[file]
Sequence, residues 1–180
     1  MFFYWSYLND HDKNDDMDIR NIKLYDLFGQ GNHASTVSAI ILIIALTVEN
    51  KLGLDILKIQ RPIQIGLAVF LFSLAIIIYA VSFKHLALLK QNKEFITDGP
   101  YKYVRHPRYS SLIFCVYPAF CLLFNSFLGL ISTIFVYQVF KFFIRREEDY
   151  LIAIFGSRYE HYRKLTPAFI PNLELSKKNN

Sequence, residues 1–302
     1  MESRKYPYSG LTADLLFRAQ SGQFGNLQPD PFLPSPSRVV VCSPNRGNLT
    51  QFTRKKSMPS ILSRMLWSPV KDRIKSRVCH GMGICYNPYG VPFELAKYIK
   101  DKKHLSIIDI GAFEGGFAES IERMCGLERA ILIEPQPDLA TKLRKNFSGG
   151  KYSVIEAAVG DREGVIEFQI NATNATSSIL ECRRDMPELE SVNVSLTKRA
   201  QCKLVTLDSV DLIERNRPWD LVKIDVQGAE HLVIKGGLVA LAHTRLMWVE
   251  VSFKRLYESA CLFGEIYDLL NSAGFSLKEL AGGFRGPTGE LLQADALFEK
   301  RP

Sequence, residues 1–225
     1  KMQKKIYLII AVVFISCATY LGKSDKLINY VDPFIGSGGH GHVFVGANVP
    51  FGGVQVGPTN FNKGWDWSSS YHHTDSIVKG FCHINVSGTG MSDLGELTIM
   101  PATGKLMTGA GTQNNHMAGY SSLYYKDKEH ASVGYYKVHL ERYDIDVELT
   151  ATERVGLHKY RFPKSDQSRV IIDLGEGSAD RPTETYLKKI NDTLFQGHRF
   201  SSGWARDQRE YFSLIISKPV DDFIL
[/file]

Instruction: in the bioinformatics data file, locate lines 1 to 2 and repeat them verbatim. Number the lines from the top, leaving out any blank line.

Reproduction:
Sequence, residues 1–180
     1  MFFYWSYLND HDKNDDMDIR NIKLYDLFGQ GNHASTVSAI ILIIALTVEN